Editorial Note: This article was brought to you courtesy of Rose Morrison, managing editor of ...
How Can the Construction Industry Bridge the Diversity Gap?
Editorial Note: This article was brought to you courtesy of Rose Morrison, managing editor of Renovated.com.
The construction industry is one of the world's largest and most important industries. Companies in construction are responsible for building and maintaining critical infrastructure for towns, cities, and countries. The built environment wouldn't be what it is today without the industry's success, growth, and technological advancements. However, a significant lack of diversity and inclusion is a longstanding issue in the construction industry.
While the topics of diversity and inclusion are frequently discussed in the modern workplace, the construction industry still lags behind other sectors in terms of diversity inclusion.
Is it possible for construction companies and other industry leaders to minimize or eliminate the diversity gap in the industry?
- What is diversity?
- Analyzing the diversity gap in the construction industry
- Some construction industry practices serve as barriers to achieving diversity
- The importance of creating a diverse workforce in construction
- The benefits of diversity in the construction industry
- Steps the industry should take to close the diversity gap
What Is Diversity?
Diversity is a term that describes everyone's unique qualities and characteristics and how they come together to form someone's identity.
Examples of the human differences that contribute to diversity include, but are not limited to, age, social class, race, ethnicity, nationality, gender identities, religion, sexual orientation, and others. Organizations can improve their diversity by recruiting and hiring employees with various cultural and social backgrounds.
Because diversity is lacking in industries other than construction, some professionals advocate for diversity quotas. These gender and racial diversity quotas require companies to hire a candidate of a specific race or background. There's some debate over whether or not diversity quotas are justified or successful in helping industries achieve true diversity.
Analyzing the Diversity Gap in the Construction Industry
One way to determine the level of construction diversity is to look at the Bureau of Labor Statistics (BLS). The BLS states that, in 2021, the construction industry employed 11,271,000 people.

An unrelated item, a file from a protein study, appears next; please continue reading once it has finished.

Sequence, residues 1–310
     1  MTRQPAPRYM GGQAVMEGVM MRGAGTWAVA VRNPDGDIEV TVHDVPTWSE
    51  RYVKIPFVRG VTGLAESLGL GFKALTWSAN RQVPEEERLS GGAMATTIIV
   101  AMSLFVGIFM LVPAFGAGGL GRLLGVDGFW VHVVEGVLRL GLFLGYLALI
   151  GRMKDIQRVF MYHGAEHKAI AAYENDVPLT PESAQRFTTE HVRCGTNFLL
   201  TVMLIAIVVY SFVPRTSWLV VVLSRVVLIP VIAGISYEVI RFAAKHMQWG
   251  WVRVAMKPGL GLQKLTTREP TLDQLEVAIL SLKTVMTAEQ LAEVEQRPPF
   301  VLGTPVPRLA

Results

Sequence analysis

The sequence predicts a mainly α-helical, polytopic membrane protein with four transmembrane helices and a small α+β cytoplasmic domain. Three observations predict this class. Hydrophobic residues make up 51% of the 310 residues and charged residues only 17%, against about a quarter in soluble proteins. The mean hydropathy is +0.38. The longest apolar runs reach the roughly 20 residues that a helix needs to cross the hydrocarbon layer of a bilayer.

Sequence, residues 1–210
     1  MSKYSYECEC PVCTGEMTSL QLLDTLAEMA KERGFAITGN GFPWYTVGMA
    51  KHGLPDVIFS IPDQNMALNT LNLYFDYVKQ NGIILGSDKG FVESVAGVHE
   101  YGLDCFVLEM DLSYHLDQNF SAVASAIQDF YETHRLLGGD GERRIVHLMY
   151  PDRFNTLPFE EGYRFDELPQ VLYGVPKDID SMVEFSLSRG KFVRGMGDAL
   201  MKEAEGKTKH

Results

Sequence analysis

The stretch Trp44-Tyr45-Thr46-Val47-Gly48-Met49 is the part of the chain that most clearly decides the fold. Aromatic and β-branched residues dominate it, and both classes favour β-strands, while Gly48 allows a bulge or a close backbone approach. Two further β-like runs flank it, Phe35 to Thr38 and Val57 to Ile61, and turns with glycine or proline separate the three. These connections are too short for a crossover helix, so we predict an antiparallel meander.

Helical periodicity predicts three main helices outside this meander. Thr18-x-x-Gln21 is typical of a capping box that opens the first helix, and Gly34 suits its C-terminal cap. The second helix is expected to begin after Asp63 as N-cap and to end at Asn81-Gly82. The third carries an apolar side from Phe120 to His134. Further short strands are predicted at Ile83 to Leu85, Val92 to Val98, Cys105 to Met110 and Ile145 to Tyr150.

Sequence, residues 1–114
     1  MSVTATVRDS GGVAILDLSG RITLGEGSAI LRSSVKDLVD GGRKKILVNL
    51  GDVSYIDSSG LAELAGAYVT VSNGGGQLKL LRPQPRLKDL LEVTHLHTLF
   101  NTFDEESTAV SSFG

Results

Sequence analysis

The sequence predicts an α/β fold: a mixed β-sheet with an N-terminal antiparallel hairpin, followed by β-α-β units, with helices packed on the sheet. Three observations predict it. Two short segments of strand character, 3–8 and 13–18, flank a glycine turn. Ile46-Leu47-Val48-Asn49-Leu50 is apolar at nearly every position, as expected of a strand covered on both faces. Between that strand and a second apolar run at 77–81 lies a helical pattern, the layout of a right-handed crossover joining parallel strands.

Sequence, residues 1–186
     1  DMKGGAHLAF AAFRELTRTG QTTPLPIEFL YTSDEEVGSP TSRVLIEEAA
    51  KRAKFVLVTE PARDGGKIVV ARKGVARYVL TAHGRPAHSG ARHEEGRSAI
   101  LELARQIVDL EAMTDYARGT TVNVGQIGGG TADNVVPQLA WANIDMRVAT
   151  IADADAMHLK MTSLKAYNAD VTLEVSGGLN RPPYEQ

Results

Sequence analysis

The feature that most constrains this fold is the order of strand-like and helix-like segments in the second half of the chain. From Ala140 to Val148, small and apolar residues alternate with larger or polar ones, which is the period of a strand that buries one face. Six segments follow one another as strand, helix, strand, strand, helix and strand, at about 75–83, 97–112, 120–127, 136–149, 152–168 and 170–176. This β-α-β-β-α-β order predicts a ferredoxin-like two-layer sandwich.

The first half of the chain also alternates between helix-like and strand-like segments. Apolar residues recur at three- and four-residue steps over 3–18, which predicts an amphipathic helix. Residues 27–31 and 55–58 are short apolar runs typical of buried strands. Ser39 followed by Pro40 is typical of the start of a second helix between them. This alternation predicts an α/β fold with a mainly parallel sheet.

Of those 11,271,000 people, here are the percentages of employees who were women, white, Black or African American, Asian, and Hispanic or Latino.
- White: 9%
- Hispanic or Latino: 6%
- Women: 11%
- Black or African American: 3%
- Asian: 1%
The data above illustrates the lack of diversity in construction and shows how most of the sector consists of white male workers. In the same year, it was found that the white population in the U.S. declined by 8.6% since 2010, showing how the country is becoming increasingly multicultural. However, the white population remains the country's largest ethnic group.
Regarding gender diversity, 11% of women working in the construction industry can break down into various occupations. The National Association of Women in Construction (NAWIC) published statistics regarding the percentages of women in construction according to their occupation. Here is a breakdown from NAWIC:
- Professional and management: 44%
- Sales and office: 28%
- Service occupations: 1%
- Production, transportation, and material moving: 9%
- Maintenance: 1%
Women in construction typically only work in the three largest occupations listed above. It's rare to find women in maintenance or production, transportation, and material moving jobs.
Some Construction Industry Practices Serve as Barriers to Achieving Diversity
CEO of Turner Construction, Peter Davoren, feels that a "caste system" exists on job sites in the construction sector. In this system, some workers are placed above others, with management above everyone in a hierarchy. Davoren believes the existence of this system contributes to an exclusionary environment in the industry.